Friday, February 13, 2009

Kaguya Okina R-SAT de-orbited onto Far Side

OKINA De-Orbits

Junya Terazono, an investigator at JAXA, confirms by Email this evening (tomorrow morning in Japan) that, just as JAXA flight controllers anticipated, R-SAT "Okina," one of two subsatellites that accompanied lunar orbiter Kaguya has been "de-orbited," and allowed to impact the Far Side February 12 after having performed an exceptionally memorable role in Japan's highly successful Kaguya mission since its arrival in lunar orbit in December 2007.

Accompanying Kaguya, Okina with its sister sub-satellite acting as a radio source, greatly contributed data assisting JAXA investigators to determining the Moon's center and shape, as well as providing very highly accurate measurements of the Moon's gravimetric anomalies, or Mascons, all with unprecedented precision. Okina contributed as a central part of a four-way doppler relay of data from Kaguya and its sister V-RAD sub-satellite within an equally well-choreographed dance of ground stations on Earth.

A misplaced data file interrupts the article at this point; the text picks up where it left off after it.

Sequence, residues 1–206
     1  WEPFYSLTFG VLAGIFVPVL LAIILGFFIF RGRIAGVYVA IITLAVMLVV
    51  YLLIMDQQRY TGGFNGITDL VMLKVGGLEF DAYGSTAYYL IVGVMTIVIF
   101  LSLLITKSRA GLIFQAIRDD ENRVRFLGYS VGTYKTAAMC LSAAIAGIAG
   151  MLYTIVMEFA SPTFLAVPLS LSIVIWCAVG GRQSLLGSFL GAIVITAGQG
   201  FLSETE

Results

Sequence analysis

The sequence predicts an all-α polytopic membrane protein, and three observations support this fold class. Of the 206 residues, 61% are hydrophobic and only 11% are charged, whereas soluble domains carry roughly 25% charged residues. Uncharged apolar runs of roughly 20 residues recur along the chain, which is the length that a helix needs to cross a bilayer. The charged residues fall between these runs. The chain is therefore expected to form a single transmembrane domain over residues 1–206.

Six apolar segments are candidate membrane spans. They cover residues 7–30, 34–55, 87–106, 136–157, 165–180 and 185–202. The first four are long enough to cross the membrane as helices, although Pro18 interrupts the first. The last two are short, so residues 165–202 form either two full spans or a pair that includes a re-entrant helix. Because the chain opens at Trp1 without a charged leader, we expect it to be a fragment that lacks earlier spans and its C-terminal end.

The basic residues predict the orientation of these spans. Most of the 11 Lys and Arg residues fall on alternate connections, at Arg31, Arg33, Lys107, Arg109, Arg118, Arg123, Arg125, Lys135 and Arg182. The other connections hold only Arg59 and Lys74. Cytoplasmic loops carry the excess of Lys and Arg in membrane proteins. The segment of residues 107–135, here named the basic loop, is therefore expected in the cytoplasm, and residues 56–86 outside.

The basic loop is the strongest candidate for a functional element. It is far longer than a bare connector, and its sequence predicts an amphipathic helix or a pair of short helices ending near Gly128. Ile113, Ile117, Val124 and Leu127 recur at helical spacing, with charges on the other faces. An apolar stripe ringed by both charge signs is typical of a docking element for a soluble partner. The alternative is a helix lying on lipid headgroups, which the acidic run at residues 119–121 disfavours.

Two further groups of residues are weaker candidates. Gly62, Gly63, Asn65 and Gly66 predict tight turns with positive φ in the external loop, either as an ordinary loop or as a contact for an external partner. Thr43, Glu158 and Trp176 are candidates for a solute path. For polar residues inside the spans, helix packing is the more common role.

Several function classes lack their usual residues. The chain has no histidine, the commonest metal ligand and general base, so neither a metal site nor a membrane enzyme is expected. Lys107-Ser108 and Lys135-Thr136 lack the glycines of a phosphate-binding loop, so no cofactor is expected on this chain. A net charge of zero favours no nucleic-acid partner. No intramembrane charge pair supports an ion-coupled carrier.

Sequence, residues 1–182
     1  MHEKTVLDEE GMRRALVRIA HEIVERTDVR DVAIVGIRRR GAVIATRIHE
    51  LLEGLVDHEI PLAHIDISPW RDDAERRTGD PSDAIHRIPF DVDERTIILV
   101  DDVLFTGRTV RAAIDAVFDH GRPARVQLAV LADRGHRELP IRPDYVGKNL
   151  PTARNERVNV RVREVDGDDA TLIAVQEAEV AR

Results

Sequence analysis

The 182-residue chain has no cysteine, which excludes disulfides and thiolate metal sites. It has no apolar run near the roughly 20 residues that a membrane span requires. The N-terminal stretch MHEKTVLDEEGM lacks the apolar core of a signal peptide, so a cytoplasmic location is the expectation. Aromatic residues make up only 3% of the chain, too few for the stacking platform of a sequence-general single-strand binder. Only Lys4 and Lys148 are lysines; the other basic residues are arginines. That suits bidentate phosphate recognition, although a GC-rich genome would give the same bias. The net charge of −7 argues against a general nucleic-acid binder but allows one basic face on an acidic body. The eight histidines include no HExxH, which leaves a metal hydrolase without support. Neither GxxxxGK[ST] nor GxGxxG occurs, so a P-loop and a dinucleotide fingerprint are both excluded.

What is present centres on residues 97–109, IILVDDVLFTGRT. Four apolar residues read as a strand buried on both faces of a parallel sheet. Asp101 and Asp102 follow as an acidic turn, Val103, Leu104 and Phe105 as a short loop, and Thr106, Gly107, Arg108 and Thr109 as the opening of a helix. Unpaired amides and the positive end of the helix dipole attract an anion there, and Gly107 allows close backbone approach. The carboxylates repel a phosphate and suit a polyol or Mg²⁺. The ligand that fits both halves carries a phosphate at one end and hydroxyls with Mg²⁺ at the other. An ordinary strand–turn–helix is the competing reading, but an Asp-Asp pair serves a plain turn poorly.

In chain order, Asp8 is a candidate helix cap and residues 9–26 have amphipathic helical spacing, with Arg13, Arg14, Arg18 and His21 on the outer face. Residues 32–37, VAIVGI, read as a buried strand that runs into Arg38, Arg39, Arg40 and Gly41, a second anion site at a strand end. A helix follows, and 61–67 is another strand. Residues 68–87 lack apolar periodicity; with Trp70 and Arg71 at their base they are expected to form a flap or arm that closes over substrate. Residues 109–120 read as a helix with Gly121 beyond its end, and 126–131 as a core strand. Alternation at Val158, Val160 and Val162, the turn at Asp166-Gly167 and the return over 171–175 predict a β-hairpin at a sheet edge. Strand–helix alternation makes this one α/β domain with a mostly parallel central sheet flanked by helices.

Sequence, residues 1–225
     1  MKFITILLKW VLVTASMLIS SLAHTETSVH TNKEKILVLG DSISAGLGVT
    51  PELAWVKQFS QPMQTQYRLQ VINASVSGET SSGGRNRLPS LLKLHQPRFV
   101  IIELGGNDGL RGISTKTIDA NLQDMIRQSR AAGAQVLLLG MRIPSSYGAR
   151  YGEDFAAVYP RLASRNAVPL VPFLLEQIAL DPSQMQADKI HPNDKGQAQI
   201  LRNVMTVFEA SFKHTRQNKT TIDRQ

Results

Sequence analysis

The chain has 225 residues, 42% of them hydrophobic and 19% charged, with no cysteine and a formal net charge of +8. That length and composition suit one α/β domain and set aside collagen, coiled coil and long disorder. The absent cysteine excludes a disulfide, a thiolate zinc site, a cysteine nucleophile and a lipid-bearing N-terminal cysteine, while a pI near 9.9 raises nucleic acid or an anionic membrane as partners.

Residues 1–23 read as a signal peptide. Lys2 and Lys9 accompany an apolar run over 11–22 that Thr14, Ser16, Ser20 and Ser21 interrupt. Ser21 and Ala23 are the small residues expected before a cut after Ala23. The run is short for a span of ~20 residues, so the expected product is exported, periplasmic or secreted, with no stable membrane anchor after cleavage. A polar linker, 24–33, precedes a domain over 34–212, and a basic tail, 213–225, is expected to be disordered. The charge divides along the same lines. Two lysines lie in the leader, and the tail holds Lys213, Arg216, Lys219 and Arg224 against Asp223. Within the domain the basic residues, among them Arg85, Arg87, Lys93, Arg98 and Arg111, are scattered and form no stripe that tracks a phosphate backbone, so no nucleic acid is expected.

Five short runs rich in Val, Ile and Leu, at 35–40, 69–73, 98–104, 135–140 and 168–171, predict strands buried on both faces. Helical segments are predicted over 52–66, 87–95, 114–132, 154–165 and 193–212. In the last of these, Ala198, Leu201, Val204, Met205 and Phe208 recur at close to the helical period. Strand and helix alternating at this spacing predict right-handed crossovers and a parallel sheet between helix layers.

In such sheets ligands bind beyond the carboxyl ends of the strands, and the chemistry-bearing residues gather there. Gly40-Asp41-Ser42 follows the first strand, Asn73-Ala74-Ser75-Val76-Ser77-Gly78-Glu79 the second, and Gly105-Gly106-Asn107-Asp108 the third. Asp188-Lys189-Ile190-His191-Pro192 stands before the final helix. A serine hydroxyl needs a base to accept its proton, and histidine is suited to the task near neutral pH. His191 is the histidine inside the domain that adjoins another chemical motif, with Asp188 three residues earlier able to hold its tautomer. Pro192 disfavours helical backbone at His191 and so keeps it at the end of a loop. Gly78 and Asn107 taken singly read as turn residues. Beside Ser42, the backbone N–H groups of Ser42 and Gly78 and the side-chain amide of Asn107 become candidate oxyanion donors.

Kaguya has completed its nominal primary mission and will have its orbit now reduced in altitude in two stages, first primarily to map the Moon's lunar magnetic anomalies, finally being de-orbited later this year.

R-SAT highlights from Kaguya Image Gallery HERE.

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